Table 2: Estimated Daily Calorie Needs Based on Resting Energy Expenditure (REE) and Activity Level



    • To uncover the REE, borrow one of these equations:

    Age and Gender

    Calories per day

    Males: 10 - 18 years of age

    (17.686 x weight in kg) + 658.2

    Males: 19 – 30 years of age

    (15.057 x weight in kg) + 692.2

    Males: 31 – 60 years of age

    (11.472 x weight in kg) + 873.1

    Males: Above 60 years of age

    (11.711 x weight in kg) + 587.7

    Females: 10 - 18 years of age

    (13.384 x weight in kg) + 692.6


    Females: 19 – 30 years of age

    (14.818 x weight in kg) + 486.6

    Females: 31 – 60 years of age

    (8.126 x weight in kg) + 845.6

    Females: Above 60 years of age

    (9.082 x weight in kg) + 658.5

    • After finding the REE, multiply the REE by one of the following in order to approximate daily calorie requirements:
    1.40 – 1.69
    1.70 – 1.99
    2.00 – 2.40*
    • *PAL standards in excess of 2.40 are hard to sustain over an extended period of time

    The resulting number embodies the calories that are expected to be used by the individual in a normal day. Those wishing to retain body weight would need to ingest the same number of calories that they spend.


    When the dietary intake and energy requirements are identified, the general nutritional necessities can be measured. To appreciate the connection between the body and food, on top of providing nourishment guidance, it is imperative to have a grasp of the six nutrients: protein, carbohydrate, fat, vitamins, minerals, and water.



      Protein continues to be a key nutrient of concern, especially amongst bodybuilders, weightlifters, and others who participate in resistance training. When endeavouring to address the question ‘How much protein does one need?’ two elements should be deliberated on, energy absorption and the origin of the protein ingested. Protein may be burned for energy when less calories are consumed than are spent. If this is the case, protein ingestion will not be used merely for the anticipated purpose of constructing and supplanting lean muscle tissue. Accordingly, when caloric intake decreases, the protein requirement inevitably rises in unison. This holds true particularly for those dieting. The second feature shaping protein requirements deals with what are termed ‘reference proteins’ (the standard for quality protein), like meat, fish, fowl, dairy goods, and eggs, which are all labelled high-quality proteins. If protein in the diet comes primarily from plant life, then the requirement is most certainly greater.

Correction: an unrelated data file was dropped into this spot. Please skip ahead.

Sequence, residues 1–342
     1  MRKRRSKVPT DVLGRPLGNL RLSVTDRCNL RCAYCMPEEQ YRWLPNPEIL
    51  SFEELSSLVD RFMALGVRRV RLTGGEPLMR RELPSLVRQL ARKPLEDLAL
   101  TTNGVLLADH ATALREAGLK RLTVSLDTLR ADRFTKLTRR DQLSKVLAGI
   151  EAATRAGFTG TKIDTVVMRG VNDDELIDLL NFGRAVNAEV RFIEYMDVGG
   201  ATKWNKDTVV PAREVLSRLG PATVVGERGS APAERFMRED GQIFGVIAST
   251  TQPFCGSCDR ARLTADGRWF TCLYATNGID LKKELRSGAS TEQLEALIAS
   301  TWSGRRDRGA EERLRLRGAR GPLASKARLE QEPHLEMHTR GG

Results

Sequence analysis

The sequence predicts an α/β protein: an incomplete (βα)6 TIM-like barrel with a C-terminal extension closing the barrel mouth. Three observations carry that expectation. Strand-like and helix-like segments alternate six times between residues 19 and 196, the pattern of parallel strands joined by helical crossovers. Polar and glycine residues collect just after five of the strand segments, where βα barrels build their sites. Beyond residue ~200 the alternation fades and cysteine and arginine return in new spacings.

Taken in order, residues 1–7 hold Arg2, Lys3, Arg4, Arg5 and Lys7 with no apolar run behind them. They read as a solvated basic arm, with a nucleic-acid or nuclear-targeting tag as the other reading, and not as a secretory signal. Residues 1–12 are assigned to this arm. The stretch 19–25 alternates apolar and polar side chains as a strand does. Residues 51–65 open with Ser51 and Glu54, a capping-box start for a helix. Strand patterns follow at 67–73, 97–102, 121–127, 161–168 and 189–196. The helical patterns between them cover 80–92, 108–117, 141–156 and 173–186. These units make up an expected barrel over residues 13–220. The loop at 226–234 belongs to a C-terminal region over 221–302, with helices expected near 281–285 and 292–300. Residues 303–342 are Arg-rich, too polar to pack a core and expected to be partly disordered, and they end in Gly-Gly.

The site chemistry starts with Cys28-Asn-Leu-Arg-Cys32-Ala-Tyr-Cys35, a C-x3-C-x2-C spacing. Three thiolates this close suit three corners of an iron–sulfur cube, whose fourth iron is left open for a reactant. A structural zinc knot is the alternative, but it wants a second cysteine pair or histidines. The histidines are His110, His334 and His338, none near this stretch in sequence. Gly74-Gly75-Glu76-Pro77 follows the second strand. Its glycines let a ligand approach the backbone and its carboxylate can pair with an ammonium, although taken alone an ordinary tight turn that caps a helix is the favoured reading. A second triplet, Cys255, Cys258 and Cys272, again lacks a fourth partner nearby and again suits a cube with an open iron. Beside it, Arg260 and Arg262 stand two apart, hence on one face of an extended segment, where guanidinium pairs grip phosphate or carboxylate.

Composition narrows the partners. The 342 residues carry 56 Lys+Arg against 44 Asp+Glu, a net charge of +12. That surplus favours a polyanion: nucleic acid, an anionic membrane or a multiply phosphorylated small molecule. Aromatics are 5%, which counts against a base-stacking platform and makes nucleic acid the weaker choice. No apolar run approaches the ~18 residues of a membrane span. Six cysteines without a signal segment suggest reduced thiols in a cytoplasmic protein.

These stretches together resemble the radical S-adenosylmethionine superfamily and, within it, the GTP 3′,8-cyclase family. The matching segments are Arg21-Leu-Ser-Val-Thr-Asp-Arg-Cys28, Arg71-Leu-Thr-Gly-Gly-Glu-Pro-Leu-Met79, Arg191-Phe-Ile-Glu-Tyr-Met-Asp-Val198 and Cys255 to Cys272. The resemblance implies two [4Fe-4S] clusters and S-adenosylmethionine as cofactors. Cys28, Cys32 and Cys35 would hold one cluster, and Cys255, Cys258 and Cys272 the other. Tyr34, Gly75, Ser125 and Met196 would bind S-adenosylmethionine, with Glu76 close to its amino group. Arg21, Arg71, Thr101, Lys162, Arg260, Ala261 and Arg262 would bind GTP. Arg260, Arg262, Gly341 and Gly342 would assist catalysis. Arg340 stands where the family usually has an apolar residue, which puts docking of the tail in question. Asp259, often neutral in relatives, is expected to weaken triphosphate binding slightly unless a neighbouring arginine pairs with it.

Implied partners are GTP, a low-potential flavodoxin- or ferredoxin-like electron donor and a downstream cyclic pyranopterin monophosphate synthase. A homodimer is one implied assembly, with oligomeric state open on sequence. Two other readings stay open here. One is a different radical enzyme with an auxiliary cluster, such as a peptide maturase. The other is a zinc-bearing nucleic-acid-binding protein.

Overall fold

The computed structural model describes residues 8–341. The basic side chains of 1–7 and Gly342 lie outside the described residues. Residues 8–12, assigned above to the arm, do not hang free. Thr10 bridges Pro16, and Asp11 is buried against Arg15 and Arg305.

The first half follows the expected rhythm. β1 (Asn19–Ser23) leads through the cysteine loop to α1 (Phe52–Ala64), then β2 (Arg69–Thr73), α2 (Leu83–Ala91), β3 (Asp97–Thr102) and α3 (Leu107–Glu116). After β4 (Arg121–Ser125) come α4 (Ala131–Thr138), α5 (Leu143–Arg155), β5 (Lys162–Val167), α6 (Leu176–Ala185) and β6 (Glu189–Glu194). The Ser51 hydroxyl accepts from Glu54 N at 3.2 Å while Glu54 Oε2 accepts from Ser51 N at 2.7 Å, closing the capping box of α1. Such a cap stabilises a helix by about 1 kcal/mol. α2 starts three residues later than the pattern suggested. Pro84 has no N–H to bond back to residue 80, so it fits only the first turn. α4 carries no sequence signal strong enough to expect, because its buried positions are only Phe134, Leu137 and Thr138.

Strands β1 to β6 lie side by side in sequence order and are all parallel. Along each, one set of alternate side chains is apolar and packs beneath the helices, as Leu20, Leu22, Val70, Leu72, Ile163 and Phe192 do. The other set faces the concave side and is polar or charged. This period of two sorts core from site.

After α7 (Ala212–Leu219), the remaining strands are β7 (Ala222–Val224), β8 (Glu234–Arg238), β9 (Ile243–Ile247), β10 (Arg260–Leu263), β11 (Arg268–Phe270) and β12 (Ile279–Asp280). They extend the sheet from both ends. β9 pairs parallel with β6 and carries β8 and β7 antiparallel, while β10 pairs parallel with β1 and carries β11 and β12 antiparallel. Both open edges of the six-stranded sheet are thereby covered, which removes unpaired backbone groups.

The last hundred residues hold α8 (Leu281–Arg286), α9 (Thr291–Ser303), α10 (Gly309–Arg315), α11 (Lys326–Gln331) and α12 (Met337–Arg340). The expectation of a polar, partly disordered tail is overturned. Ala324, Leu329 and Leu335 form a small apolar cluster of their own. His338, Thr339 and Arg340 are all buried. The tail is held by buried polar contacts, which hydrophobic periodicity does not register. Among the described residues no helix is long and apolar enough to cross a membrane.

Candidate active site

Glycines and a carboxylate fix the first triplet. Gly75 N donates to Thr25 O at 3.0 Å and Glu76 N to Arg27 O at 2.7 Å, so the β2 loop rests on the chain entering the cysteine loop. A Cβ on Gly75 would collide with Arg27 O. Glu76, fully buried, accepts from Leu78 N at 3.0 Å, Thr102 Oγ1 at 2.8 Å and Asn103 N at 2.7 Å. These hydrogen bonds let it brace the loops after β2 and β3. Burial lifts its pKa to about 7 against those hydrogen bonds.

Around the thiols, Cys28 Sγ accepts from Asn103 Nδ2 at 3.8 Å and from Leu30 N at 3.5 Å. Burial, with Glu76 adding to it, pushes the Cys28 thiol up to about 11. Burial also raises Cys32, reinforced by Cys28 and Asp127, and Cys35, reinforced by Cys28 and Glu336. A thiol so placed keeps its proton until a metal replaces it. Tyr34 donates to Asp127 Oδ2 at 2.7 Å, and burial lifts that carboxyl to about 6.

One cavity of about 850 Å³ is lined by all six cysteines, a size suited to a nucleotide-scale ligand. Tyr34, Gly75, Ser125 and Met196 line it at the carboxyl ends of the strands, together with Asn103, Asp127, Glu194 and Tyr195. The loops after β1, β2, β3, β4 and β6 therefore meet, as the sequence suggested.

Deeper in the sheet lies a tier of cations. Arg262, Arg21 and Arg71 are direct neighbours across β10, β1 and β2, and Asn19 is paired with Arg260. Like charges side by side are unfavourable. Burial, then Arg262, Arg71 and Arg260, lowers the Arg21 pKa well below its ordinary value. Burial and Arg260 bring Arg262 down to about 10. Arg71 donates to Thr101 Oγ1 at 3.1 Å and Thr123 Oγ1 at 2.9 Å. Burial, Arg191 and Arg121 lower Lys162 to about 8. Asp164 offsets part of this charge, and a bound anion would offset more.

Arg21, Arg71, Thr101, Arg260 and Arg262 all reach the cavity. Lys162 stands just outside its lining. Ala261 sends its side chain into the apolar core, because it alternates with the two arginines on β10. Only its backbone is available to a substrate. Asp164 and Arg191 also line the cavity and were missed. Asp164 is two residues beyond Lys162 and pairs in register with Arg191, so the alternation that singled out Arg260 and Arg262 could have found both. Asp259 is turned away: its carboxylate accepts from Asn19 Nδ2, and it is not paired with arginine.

The literature advocates that the recommended dietary allowance (RDA) of protein for healthy, albeit inactive adults, is 0.8 grams per kilogram of body weight for both men and women.

      The WHO classifies the harmless consumption level, a level that is adequate for 97.5% of the populace, at 0.83 grams per kilogram per day.

      Although the level agreed here may be appropriate for non-active healthy individuals, it is not suitable for those who have larger needs to help counterbalance protein-amino acid oxidation throughout exercise, mend muscle damage, and form lean tissue. More on this, however, in a later section.


        Carbohydrate is essential for the thorough metabolism of fatty acids. Approximately 50-100 grams of carbohydrate (comparable to three to five portions of bread) per day averts ketosis (large quantities of ketones in the blood, where fat is burned for energy but may also lead to organ failure!), which arises from the unfinished breakdown of fatty acids.

        Outside that basal necessity, the role of carbs is to deliver fuel for energy (this is the main source of fuel for your brain, heart, and several other organs) and as a result the volume of carbohydrate required depends on one’s entire energy requirement. The requisite fluctuates further depending on the type of exercise. A high-carb diet (equal to 60%-70% of total calories) is ordinarily endorsed for physically active people. Although, it is imperative to note that an assortment of diets, with various carbohydrate, protein, and fat combinations, have been shown to be by the same token, effective. As previously mentioned, a key factor to consider in determining recommendations for carb intake is the training programme. If one is an aerobic endurance competitor, let’s say a distance racer, street cyclist, or triathlete that exercises aerobically for lengthy intervals (90 minutes or more every day), he or she should consume around 7 to 10 g/kg body weight per day. This is comparable to 600 to 750 grams of carbs (2400 to 3000 calories from carbohydrate) per day for someone weighing in at 75kg.